Today, Northrop is heavily involved in the electronics that are embedded in a variety of advanced weapons systems and technologies. The company, for example, builds a flight-control system for jet fighters, the radar for the F-16 combat jet and the early-warning Hawkeye aircraft used aboard Navy carriers.
Other electronics programs focus on avionics, including the gyroscopes used for a plane's guidance and navigation. The company also designs and builds cockpit fire-control systems for weapons delivery.
The rise of smart weapons is also feeding demand for electronics, Myers said. Bombs and missiles that can find their targets based on navigational input from the airplanes that carry them rely on ever-smaller and more advanced electronic brains.
Among Northrop's less flashy electronics capabilities are systems for military communications, ground-based radar and air-traffic control. The company also focuses on integrating the various electronics systems that reside in a single plane.
Northrop has hardly abandoned its airframe-building business, but its focus on electronics represents a reasonable financial trade-off, said Roger Threlfall, an aerospace analyst at JP Morgan in New York.
"Generally, you make more money in platforms, but the margins are restrained," Threlfall said. "Electronics margins are much higher, but that compensates you for a shorter product life cycle. You don't get a 30-year program on electronics--and some are measured in mere months--but you can also earn a 20% return."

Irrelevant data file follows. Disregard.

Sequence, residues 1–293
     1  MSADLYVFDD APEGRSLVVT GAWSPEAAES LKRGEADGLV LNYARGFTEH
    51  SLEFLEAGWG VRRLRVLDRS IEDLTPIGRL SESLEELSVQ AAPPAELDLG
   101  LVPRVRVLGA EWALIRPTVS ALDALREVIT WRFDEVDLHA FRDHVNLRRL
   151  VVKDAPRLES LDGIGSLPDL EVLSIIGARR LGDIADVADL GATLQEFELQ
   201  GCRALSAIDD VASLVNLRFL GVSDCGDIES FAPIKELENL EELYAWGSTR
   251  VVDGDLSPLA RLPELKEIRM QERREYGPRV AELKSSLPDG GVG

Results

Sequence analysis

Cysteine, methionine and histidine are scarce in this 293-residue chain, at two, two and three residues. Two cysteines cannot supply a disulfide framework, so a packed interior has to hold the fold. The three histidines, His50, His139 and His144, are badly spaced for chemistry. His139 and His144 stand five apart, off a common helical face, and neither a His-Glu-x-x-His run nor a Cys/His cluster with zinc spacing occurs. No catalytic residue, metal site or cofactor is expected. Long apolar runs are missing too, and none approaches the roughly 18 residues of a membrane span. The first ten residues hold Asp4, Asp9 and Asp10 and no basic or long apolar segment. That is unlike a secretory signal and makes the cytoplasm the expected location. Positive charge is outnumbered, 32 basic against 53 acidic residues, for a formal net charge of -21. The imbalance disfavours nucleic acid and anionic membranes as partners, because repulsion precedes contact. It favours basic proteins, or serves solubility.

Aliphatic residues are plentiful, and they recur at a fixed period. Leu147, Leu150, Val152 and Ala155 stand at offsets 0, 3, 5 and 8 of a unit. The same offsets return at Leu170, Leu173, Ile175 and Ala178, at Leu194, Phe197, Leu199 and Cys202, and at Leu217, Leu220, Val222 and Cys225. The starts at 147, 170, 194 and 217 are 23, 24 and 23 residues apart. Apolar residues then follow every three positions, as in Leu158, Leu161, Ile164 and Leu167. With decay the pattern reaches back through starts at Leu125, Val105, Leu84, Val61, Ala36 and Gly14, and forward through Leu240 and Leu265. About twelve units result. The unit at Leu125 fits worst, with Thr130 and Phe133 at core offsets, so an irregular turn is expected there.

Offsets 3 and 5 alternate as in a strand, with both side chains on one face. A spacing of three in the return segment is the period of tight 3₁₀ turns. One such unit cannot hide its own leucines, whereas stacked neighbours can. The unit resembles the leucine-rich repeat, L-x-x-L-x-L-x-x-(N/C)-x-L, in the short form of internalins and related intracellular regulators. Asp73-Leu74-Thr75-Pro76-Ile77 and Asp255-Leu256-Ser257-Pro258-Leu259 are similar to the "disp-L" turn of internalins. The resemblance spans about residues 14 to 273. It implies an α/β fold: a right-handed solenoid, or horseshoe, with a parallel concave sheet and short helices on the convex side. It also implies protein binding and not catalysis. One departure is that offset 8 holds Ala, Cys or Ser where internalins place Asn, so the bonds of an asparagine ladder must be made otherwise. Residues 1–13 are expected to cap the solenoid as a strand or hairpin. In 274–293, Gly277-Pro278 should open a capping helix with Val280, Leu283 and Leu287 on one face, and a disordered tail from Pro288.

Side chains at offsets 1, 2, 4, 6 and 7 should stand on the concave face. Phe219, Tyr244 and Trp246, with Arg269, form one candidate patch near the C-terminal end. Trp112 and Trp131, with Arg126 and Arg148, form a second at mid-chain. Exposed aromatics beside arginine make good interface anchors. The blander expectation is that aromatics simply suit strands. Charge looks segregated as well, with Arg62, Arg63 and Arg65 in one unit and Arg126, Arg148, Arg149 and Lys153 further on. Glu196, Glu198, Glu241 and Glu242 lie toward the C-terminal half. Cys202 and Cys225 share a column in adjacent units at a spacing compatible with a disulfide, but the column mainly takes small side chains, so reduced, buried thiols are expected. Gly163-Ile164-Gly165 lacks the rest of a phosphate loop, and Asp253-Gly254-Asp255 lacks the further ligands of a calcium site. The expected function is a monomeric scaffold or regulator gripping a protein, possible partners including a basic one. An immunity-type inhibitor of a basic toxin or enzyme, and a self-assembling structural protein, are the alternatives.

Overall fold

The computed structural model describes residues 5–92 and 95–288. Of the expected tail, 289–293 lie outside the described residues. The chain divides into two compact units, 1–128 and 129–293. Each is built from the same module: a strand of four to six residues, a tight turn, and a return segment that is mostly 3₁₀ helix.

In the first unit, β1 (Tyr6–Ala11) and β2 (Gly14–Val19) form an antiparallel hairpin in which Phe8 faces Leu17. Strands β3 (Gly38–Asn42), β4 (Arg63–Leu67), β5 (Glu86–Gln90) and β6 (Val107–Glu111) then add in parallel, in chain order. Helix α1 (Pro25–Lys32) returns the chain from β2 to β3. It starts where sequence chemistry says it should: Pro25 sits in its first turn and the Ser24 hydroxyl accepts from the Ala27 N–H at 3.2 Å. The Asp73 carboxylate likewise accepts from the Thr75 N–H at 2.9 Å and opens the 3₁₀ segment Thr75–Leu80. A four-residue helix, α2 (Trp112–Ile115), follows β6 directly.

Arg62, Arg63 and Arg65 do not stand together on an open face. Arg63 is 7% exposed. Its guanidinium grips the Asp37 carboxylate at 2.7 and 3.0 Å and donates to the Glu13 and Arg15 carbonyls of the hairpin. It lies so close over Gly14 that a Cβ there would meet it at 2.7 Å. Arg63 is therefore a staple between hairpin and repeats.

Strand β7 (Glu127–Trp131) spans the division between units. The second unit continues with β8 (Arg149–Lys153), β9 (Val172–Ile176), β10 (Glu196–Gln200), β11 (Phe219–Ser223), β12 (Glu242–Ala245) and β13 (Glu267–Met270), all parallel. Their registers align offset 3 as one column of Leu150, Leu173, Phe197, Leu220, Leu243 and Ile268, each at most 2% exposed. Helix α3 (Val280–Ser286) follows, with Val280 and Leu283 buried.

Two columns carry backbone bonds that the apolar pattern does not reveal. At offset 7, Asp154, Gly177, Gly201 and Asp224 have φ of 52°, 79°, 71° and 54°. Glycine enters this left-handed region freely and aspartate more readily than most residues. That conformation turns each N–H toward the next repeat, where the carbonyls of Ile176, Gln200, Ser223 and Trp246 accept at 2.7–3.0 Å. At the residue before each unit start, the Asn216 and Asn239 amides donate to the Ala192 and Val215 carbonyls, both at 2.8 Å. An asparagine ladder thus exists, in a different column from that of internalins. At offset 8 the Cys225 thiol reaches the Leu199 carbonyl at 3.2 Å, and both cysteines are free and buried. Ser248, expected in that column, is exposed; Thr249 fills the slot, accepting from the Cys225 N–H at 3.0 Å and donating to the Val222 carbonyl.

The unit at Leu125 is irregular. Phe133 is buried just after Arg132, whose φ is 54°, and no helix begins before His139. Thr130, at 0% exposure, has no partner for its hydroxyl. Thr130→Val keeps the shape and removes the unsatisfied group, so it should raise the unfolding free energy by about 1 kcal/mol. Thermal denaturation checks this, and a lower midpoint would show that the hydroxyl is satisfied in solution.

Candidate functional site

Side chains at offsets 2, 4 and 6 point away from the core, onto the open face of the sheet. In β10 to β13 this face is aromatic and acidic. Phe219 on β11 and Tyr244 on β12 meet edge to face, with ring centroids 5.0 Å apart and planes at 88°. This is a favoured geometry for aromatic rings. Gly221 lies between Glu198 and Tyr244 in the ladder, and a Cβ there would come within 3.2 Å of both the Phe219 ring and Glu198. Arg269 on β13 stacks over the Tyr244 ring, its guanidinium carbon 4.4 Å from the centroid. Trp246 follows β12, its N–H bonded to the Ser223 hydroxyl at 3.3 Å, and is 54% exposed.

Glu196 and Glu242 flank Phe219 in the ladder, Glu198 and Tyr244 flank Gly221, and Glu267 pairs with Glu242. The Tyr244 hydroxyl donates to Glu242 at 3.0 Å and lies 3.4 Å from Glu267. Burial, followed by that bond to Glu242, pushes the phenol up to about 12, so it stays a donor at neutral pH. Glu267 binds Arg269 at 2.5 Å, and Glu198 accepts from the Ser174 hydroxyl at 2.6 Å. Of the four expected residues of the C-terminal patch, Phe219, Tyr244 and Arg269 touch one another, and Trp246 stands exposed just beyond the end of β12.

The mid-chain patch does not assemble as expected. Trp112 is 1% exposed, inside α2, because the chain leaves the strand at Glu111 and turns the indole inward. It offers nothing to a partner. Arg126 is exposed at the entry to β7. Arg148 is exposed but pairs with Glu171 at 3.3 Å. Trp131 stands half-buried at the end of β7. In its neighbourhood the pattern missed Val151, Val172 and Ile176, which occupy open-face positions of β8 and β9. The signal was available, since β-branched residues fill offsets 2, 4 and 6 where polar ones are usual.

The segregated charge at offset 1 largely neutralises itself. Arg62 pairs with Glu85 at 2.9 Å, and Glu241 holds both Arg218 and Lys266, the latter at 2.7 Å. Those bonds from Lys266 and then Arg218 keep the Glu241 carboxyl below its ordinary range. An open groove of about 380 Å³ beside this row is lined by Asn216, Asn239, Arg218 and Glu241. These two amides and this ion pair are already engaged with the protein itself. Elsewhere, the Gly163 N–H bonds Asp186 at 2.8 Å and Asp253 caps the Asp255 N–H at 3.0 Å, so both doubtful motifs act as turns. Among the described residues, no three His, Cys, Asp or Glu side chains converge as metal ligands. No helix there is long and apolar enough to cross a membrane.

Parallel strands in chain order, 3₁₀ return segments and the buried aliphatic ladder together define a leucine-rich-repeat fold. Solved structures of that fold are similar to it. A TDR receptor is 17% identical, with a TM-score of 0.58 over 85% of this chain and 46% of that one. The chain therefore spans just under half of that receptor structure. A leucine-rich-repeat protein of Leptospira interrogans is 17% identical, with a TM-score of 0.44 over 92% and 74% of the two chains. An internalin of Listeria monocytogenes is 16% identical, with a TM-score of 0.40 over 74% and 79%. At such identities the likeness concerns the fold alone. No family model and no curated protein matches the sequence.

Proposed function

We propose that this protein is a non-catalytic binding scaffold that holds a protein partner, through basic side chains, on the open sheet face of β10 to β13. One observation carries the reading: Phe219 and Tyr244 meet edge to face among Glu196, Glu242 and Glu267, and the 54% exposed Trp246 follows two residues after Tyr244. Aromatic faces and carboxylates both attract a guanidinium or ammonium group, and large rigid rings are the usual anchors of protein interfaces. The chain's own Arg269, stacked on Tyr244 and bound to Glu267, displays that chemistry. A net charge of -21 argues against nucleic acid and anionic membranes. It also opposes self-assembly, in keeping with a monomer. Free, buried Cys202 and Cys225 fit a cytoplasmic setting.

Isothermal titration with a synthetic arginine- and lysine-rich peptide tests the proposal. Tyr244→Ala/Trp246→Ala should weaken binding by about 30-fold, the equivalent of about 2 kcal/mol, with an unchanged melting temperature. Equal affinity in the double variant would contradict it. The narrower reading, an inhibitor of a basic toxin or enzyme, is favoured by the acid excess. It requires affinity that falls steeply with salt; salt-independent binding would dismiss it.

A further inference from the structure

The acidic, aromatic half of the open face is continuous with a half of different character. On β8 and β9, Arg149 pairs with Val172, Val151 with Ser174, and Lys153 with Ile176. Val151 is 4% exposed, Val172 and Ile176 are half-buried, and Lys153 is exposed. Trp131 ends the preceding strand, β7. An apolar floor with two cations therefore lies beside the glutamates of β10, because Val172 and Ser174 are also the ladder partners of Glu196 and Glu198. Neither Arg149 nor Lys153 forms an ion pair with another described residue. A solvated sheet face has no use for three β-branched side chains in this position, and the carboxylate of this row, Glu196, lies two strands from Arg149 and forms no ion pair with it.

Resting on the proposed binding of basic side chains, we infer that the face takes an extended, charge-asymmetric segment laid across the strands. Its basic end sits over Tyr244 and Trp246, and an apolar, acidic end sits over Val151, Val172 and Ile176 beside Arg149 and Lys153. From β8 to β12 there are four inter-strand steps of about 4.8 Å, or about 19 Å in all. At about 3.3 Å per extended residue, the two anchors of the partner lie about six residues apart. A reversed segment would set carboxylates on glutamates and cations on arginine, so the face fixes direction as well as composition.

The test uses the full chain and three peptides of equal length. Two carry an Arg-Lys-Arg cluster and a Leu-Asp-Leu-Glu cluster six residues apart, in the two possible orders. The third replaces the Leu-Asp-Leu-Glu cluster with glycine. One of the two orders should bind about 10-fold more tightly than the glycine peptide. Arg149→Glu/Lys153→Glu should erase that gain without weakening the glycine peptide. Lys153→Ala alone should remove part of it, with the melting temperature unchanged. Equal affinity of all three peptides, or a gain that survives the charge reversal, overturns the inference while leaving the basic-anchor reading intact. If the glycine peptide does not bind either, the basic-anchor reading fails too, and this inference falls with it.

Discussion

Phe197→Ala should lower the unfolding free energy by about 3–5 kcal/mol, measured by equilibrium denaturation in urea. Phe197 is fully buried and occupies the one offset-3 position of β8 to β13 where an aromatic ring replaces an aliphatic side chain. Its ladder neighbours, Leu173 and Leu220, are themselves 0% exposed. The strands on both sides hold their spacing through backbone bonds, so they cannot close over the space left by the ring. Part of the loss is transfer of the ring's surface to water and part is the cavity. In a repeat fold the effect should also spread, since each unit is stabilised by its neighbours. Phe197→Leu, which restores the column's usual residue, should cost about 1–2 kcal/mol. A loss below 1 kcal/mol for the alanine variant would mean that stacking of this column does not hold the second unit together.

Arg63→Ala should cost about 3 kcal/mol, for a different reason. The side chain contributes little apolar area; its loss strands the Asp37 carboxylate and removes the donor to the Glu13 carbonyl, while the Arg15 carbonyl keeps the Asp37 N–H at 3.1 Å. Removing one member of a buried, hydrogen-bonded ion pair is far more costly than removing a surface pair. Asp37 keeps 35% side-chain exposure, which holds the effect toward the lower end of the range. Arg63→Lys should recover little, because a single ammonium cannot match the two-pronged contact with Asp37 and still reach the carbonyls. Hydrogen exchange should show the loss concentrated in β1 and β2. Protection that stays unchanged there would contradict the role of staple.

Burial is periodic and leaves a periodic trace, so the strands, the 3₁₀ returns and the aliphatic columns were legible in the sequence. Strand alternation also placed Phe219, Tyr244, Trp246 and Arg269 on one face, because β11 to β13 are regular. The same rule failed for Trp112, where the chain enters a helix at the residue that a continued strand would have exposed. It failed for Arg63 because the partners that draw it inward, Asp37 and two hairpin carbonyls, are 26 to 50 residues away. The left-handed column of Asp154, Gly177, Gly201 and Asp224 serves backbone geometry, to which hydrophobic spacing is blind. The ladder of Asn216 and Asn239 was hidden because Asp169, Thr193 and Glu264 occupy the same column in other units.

Some analysts say the government's objection to the electronics consolidation in a Lockheed-Northrop deal is little more than political posturing. Lexington, Mass.-based Raytheon Co. would still be a formidable competitor to the merged company, and the Defense Department could always steer contracts away from Lockheed if the government worried the firm had too much market power, they said.
"There are other sectors of the defense industry where the [Defense Department] has let the supplier base go down to one supplier," said Jon Kutler, president of Quarterdeck Investment Partners, a Los Angeles-based investment bank that focuses on the aerospace and defense industry. "That's why I believe a lot of this is being in the wrong place at the wrong time."
But that doesn't take anything away from the growing role of electronics in aerospace and defense, said Merrill Lynch aerospace analyst Byron Callan.
"Philosophically, militaries typically mirror societies," Callan said. "The role of electronics is an ongoing growth factor in the U.S. society--and most societies around the world--and the same will be true in the military forces."
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The electronics sector is winning a growing share of a shrinking Defense Department budget, making it an increasingly important area for profit-minded aerospace firms. Below are projected budget figures, in billions of dollars (constant 1998 dollars):
Total Defense defense electronics Percentage Year budget budget of budget 1998 $254.3 $51.6 20.0% 1999 $253.1 $54.2 21.4 2000 $251.1 $54.0 21.5 2001 $249.1 $55.0 22.1 2002 $248.0 $56.2 22.6 2003 $247.0 $57.1 23.1 2004 $246.0 $57.7 23.5 2005 $244.9 $58.1 23.7 2006 $244.0 $58.6 24.0 2007 $243.0 $58.9 24.2
Source: Government Electronics and Information Technology Assn., a member of the Electronic Industries Alliance